Before she started manufacturing bikinis in her spare bedroom, Taryn Rodighiero had never sewn before. “I’d never even sewn a button,” she says, “but I just decided this is what I was going to do.” For years, she’d been dissatisfied with the swimwear available to active women like herself, so in 2010 she set out to design style-forward bikinis that are “made to stay on in the waves.” A believer in taking leaps of faith, Taryn recalls, “I basically invested my life savings and bought five commercial sewing machines, put them all in our spare bedroom, and locked myself in for eight months to figure out each and every machine.” Her bikinis are now manufactured on Kauai and worn on beaches all over the world.
Taryn reaches most of her customers, whether on neighboring Hawaiian islands or far-off Australia, through the Internet, with roughly 80 percent of her sales happening on the KaiKini website. She values the targeting capabilities offered by AdWords, Google’s advertising program. “You can really be specific on who you show your ads to. With products like mine, I need that,” she explains. AdWords also helps “keep KaiKini fresh in the mind of our buyers” through retargeting ads. “For a business that generally takes a new buyer six visits to the site before a purchase is made, those reminders are crucial,” she says. Today, KaiKini’s marketing budget goes entirely to digital platforms, with AdWords returning nearly two dollars in profit for every ad dollar spent. Taryn depends on Google Analytics to keep track of these online campaigns. “Analytics is the tool we use to check everything else. It’s the one we trust,” she shares. "It provides us with marketing insights that we otherwise wouldn’t have."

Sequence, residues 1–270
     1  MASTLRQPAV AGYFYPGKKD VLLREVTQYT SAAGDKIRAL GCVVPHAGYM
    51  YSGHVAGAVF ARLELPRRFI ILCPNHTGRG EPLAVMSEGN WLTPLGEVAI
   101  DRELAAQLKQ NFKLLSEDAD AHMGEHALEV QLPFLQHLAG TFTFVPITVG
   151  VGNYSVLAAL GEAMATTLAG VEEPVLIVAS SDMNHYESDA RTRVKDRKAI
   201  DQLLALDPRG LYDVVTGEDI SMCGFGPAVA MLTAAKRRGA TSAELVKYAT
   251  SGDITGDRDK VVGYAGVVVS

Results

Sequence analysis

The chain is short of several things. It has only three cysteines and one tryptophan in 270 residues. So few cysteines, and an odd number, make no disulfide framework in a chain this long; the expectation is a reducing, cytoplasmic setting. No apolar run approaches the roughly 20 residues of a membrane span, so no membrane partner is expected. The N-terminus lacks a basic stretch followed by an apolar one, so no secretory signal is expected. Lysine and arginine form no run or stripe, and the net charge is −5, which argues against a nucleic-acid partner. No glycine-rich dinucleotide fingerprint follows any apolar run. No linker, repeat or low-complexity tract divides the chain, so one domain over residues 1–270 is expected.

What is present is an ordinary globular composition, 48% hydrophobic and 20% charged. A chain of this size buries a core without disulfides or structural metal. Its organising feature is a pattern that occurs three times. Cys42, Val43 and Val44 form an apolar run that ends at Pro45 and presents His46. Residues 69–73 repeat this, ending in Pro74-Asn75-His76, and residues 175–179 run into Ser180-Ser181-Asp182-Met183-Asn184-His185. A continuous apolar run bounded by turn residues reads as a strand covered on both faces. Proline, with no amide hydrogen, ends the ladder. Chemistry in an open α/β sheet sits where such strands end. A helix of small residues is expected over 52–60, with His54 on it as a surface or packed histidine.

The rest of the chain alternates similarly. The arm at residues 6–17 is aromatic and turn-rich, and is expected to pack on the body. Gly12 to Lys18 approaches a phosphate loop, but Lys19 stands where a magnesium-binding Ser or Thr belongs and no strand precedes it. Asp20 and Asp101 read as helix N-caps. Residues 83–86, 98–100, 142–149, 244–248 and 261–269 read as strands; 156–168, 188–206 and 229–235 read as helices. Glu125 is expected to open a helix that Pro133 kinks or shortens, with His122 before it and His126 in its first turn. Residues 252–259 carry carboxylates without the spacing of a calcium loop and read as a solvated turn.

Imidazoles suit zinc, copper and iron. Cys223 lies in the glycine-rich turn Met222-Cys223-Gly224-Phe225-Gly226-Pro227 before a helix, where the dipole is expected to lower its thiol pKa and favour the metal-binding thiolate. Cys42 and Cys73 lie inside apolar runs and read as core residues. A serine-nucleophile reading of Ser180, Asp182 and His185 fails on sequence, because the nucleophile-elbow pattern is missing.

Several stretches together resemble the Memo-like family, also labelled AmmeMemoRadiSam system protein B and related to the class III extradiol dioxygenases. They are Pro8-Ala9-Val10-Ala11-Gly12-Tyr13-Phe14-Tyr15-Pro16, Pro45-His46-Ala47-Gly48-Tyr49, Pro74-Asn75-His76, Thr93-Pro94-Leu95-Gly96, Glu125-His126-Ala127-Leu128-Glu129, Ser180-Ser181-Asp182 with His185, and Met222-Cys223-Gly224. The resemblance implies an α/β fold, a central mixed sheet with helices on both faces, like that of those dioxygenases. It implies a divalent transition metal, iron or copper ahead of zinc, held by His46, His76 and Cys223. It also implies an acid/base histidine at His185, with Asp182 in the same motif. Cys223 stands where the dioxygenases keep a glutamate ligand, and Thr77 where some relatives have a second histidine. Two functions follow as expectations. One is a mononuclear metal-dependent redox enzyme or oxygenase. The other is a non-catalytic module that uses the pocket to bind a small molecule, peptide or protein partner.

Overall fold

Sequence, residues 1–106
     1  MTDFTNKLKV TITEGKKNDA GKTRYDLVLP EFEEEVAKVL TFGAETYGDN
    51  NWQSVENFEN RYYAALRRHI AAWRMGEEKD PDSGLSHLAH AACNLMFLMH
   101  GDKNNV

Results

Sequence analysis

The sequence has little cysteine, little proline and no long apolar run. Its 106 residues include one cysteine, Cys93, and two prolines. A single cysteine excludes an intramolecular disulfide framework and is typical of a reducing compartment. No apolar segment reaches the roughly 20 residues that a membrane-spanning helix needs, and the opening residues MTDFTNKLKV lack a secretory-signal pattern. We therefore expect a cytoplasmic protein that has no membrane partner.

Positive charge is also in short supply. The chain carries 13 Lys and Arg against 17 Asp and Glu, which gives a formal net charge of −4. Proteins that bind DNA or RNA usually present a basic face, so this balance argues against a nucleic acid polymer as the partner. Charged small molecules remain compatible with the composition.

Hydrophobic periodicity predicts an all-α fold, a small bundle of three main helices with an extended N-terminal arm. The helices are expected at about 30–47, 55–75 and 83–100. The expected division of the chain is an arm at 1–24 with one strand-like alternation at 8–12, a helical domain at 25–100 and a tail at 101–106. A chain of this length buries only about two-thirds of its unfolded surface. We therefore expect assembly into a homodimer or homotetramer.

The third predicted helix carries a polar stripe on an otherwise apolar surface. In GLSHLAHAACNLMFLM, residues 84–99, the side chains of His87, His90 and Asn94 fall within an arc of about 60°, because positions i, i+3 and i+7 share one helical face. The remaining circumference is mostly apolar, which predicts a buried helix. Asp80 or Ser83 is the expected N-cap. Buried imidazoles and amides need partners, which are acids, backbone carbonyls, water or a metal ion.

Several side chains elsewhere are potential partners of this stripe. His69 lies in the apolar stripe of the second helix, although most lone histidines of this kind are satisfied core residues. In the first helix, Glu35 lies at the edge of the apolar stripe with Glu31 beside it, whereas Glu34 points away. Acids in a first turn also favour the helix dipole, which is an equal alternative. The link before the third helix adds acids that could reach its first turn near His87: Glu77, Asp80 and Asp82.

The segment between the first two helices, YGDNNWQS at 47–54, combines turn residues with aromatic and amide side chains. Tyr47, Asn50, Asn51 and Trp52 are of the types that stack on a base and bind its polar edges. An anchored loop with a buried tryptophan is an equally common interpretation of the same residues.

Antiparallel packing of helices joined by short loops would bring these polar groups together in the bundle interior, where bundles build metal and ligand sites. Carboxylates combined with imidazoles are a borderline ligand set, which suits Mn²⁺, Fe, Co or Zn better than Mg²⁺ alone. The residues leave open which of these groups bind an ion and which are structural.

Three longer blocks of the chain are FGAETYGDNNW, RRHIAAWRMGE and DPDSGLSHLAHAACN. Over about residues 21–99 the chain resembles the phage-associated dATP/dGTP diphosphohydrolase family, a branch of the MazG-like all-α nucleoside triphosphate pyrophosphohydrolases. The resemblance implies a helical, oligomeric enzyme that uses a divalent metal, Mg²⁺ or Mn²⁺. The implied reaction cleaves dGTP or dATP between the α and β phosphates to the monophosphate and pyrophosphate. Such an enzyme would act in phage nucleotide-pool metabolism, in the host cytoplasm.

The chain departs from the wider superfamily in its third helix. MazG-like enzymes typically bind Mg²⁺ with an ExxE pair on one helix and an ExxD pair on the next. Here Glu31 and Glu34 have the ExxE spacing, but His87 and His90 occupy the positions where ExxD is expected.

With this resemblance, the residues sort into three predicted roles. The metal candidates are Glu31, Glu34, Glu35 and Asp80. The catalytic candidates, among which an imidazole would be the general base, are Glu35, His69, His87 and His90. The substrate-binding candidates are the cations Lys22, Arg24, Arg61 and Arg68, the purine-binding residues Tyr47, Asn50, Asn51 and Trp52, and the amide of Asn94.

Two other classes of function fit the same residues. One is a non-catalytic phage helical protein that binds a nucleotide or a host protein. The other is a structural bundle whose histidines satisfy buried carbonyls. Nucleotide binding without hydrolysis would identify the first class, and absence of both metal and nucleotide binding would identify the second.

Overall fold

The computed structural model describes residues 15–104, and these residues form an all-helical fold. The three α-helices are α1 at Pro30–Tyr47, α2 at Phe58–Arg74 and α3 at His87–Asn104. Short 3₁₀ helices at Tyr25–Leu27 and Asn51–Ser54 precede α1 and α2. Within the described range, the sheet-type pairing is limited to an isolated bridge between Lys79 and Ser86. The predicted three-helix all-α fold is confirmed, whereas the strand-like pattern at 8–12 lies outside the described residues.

With 20 percent annual growth, Taryn has moved business operations from her house to a bona fide warehouse. She is now focused on new ways to build that growth while maintaining her brand’s authenticity. She keeps design and production under close watch, to ensure quality, and is proud to be creating fashion-industry jobs, which are rare on Kauai. Her seamstresses tend to be “young, creative women who are willing to work,” she says, “and excited to be part of something that’s making an impact beyond the island.”